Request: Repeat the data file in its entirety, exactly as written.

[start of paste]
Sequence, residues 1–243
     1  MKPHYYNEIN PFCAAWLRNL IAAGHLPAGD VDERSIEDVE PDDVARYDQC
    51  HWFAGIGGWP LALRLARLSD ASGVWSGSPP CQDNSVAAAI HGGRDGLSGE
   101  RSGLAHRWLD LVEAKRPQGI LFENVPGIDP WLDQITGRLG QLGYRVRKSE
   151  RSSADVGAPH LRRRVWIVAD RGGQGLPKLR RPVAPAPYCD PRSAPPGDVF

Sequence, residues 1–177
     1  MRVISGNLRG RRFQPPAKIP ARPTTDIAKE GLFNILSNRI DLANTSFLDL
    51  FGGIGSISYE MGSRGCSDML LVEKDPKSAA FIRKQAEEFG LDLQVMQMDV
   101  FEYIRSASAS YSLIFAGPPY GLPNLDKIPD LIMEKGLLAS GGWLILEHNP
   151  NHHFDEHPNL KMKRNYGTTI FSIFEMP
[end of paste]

Sequence, residues 1–243
     1  MKPHYYNEIN PFCAAWLRNL IAAGHLPAGD VDERSIEDVE PDDVARYDQC
    51  HWFAGIGGWP LALRLARLSD ASGVWSGSPP CQDNSVAAAI HGGRDGLSGE
   101  RSGLAHRWLD LVEAKRPQGI LFENVPGIDP WLDQITGRLG QLGYRVRKSE
   151  RSSADVGAPH LRRRVWIVAD RGGQGLPKLR RPVAPAPYCD PRSAPPGDVF

Sequence, residues 1–177
     1  MRVISGNLRG RRFQPPAKIP ARPTTDIAKE GLFNILSNRI DLANTSFLDL
    51  FGGIGSISYE MGSRGCSDML LVEKDPKSAA FIRKQAEEFG LDLQVMQMDV
   101  FEYIRSASAS YSLIFAGPPY GLPNLDKIPD LIMEKGLLAS GGWLILEHNP
   151  NHHFDEHPNL KMKRNYGTTI FSIFEMP